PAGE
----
When spending time outside with Paco, Paz, & Pepe, I am often asked a lot of questions from the tourists visiting our little island about the Three-Cans. I just love how there’s something about those long glowing beaks and curious blue toes that fills people with a sense of wonder. I really enjoy this time, as it allows me to educate people on these amazing birds that most have never seen before. Plus, it gives me the opportunity to engage in one of my new top hobbies – you guessed it – talking about my toucans.
So I figured I would take this opportunity to answer some of the most frequently asked questions, for those of you who are not able to come visit and frequently ask them in person.
Do the toucans talk? I can almost hear an audible sigh of disappointment when I answer that no, toucans do not have the ability to speak words as parrots do. But before you go hastily downgrading the toucans’ collective coolness factor, keep in mind that there is always a silver lining. Toucans communicate in other ways, but you will not find them repeating you, which is one of the main reasons I can say, “Who’s my Boo?” to them, without worrying about them mimicking it as the less adorable, “Who’s my Poo”. Additionally, I am free to curse like a drunken sailor in their presence and know I will never hear the f-bomb cross their innocent beaks.
Why do the toucans live in separate cages? Currently our Three-Cans live in individual homes, side by side. I would love it if they were able to live together – it would be so cute to see them play and also nice for them to enjoy the close companionship that comes from shackin’ up. However, for the time being, this is not a possibility for a couple of reasons. Toco toucans, as a species, are known to be territorial by nature. From what I understand, if we were to house them all together, we would need a much larger enclosure so that they could all have enough space to define their own domains within that shared enclosure. Also, we have no idea if they have ever been introduced to each other outside their cages before or even if they get along. I would like to eventually introduce them on neutral territory outside their homes, but for now, it is a handful for us to have one toucan outside at a time. Besides that, they could seriously injure each other pretty quickly so I am hesitant, at least until their training has progressed farther along where they would be more manageable in an emergency. I think realistically that Paz the female may be able to eventually live with either of the males, but Paco & Pepe probably wouldn’t be able to be housed together due to all of the beak fencing they engaged in between the cages when they were neighbors.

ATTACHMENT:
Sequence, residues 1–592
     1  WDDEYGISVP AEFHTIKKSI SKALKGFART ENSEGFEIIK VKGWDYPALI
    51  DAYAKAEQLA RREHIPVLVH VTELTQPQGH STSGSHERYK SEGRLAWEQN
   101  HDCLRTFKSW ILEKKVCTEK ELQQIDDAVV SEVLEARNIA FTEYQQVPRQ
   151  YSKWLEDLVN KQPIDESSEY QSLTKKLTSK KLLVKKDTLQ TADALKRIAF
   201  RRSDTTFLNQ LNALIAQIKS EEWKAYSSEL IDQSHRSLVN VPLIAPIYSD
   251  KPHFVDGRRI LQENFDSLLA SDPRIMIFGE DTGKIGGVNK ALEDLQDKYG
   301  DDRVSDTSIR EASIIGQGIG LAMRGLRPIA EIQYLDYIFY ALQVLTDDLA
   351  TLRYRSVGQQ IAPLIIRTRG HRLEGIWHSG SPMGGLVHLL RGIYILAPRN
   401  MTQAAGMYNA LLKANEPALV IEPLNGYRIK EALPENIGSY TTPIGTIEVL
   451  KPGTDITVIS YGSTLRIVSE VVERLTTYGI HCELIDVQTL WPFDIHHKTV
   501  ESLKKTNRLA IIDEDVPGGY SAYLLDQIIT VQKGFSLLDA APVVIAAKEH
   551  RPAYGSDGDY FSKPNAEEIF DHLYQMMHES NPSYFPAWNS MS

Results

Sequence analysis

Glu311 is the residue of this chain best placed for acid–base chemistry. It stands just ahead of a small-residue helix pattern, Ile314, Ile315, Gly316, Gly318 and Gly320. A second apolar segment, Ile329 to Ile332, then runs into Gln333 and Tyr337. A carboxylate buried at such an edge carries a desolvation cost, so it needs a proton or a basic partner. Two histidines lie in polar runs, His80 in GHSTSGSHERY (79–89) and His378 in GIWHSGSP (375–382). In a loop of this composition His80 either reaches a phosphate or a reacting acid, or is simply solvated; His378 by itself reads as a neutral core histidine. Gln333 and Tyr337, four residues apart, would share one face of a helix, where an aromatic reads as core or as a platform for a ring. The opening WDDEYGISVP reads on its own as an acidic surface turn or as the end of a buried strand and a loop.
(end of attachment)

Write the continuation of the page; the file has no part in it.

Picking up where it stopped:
Are we going to breed them? Currently, we do not have any intentions of breeding our toucans. We just recently found out from our Avian Gender Test that we do have one female and two males. So biologically, it is possible for us to breed them. However, we do not have the space to provide them with the seclusion they would require to successfully breed. If in the future, we are able to pair one of the males with Paz for them to be housed together and nature takes its course and they do in fact, breed, well… we would certainly have no complaints. But for now, the toucans living together is a long way off and our main goal is just for them to live the happiest, healthiest life possible.
Are their wings clipped / can they fly? Being new to the bird world, I have discovered that this is quite a controversial subject. I will readily admit that I don’t have enough experience to take a definitive stance in either direction. The reality is yes, our toucans’ wings are clipped and the dream is for them not to be. For now, we trim their flight feathers for their safety – we are surrounded by water and other dangerous obstacles. Additionally, were the toucans to fly away, these island landscapes do not have the fruit to support their diet needs and they would starve. Eventually, we hope that the toucans feel imprinted on both us and this island where we do not have to prevent them from flying away, they would just stay because this is their home. Our hope is that this will come with time, training, and bonding. For now, with clipped wings, they can fly a bit – straight across short distances and are able to glide downwards should they fall.
Why do we put covers down over their cages at night? For those of you who have not seen our toucan house, we have canvas shades we put down on 3 sides of the enclosure each night as the birds go to bed at sunset. The shades are lowered because it helps the toucans to feel secure – they can sleep easy with the knowledge that they are protected and unapproachable. Additionally, because they live in a public space, putting the shades down at night stops inquisitive people (however well-meaning) from disturbing their slumber by trying to attract their attention. The toucans need their luxurious 12 uninterrupted hours to ensure they don’t wake up grumpily on the wrong side of the perch.
How did I, The Toucan Lady, get this job? Yes, it does look awesome, doesn’t it? Hanging out on a tropical island paradise and playing goofy games with three gorgeous toucans. Seriously, who pays this girl?! Seriously? No one. No, this is not my job, just my wonderfully fortunate life. The Three-Cans are our pets that live outside in the public eye. So while I may appear to be a zookeeper, it is by pleasure rather than profession. But if anyone desires to pay me for my efforts, by all means, send me a message and I will get you an address tout suite of where you can send that check. 😉
I hope you enjoyed our little toucan Q&A session. If you have any lingering questions, please feel free to post them on this blog, our Facebook wall, or you can email me at firstname.lastname@example.org .